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How to Track Token Ownership on Solana

September 29, 2022
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Having a reliable ownership system changed the web as we knew it and started what we now call the Era of Blockchain. Now anyone can access the information encompassed there and are able to rely on what they see. But due to its complexity, although this information is available to everyone, it is often not very simple to find what you’re looking for.  

The mission we have here is to find out who the owners of a token are from a specific time frame. To accomplish this we need to find the historical owners of the token as well as current ones, and determine for how long they’ve held it in their wallets. 

This is the process we did to track all non-listed Rakkudos and airdrop preKudos in the holders wallets for that specific time frame. 

Finding current owners is relatively easy, you can do it by using RPC nodes to get the account data of an existing token account and extracting the owner. Finding historical owners is much more difficult. 

Closed accounts can’t be downloaded from RPC endpoints, in other words, can’t be parsed. In this case we must scrape the historical data from the chain and look for “hints” on older transactions involving the account. But let’s remember that typical Solana Nodes only hold a couple epochs of data, so in order to get all transactions we need a source of archive data. 

Watch the video demo here:

https://www.youtube.com/watch?v=VhxrRpZVbBU

Quick overview of the Solana Data Structures 

First, let’s go through the details of how the Solana data is being put together inside the chain. 

The Solana block chain is organized into an ordered series of Slots, which have an associated Block. 

Each Block has a set of Transactions in it. 

Each Transaction has a set of Instructions and an array of Account addresses. 

Instructions are associated with a Program ID (Address), and take a set of inputs and an array of input Accounts These input accounts are drawn from the transaction-wide account list. 

Accounts have an amount of Lamports (SOL) and a Data Bucket attached to it, and can be associated with a Program. 

Now that we know how the Solana data is distributed inside the chain, the next step is finding SPL (Solana Program Library) Token Accounts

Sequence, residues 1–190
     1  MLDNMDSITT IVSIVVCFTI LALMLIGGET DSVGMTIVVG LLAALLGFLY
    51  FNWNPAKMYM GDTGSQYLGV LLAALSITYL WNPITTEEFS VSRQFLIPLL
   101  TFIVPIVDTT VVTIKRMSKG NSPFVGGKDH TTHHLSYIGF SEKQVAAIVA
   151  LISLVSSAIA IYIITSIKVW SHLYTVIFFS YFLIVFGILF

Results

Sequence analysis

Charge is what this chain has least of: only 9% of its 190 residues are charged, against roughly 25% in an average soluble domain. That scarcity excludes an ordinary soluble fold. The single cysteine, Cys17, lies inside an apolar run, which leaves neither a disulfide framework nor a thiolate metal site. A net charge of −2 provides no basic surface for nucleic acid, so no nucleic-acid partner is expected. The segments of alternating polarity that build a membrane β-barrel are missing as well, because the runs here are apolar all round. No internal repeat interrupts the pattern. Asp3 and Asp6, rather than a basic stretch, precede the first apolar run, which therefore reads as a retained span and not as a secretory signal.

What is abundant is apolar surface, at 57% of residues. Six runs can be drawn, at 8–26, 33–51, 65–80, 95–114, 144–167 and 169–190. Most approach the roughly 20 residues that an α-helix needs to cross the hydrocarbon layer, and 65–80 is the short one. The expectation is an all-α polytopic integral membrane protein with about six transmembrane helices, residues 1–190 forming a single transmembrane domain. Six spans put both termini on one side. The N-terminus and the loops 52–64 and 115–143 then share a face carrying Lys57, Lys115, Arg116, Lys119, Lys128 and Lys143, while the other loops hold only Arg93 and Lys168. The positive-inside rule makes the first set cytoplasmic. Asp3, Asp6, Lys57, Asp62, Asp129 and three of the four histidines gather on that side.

Finding SPL Token Accounts 

A set of instructions to do operations like create and destroy accounts, transfer tokens, and mint tokens are stored in an Account on chain. 

Since a Solana Account is a generic data bucket, the Solana SDK doesn’t present the mint or amount of Token in a Token Account by default, so it must be parsed using the SPL Token Program’s unpack method. Some data sources provide this for you, such as RPC nodes with “jsonParsed” 

After parsing the data array, we get the Owner, Mint, and Balance. Each Unique token has an ID called the “mint” in the SPL Program Structure. For example, for preKUDOS its pkudoFxGVV76UpZcjdXH9hn46ECbUn3VzNAcEphWox9 

This program is used to define both currencies and NFTs on the Solana Chain Means that our methodology works for both NFT data such as link to image and features are stored in other accounts attached to the Mint. For NFTs, each NFT is considered its own “mint” with exactly 1 unit of the token in existence, so each of the 10k Rakkudos we minted has a unique mint id. 

Now that we know how to find the accounts we need, the next step is to find the owners. 

Finding the Owner 

While deserializing the accounts would get us the current owner, it will not be helpful for past owners. This is where we need to start using the historical data. This is because Token accounts are typically closed once they are empty, to get the Rent SOL back. Once an account is closed, the data array is deleted from the nodes, so we can’t deserialize it anymore. There is still the problem of getting a list of Account IDs to check. 

Our solution here is to crawl the chain for other indicators that tell us the owner. We will need a list of Transactions, which we can get by requesting them from RPC by slot number. 

RPC nodes don’t usually hold more than a couple epochs of data, so for most data we will need a trusted source of Solana archive data, such as a BigTable instance or SQL database populated by a Geyser plugin. 

Parsing the Instructions

Finding the Instructions can be done by first filtering out any Instructions with the wrong program Address (anything that isn’t the Token Program).  

Then we need to parse this by running it through a different unpack method in SPL Token Program, which will tell us whether it is the Instruction type we want. 

Since there are a few ways to represent an Initialize Account event, we need to look for InitializeAccount, InitializeAccount2 and InitializeAccount3.  Thankfully, these all contain the data we want - the mint, owner address, and address of the token account 

Typically when interpreted this way, only the data array is decoded. 

Account inputs are usually not in the deserialized data structure. They can instead be found in the accounts input array. The meaning of each index is typically specified in the documentation. 

An Account has an owner field if you are using the Rust SDK (possibly others). This is *not* the owner we are looking for, this “owner” is the Address of the Program that is allowed to manipulate the account, so in the case of Token Accounts they are all “owned” by TokenkegQfeZyiNwAJbNbGKPFXCWuBvf9Ss623VQ5DA (the Address of the Token Program).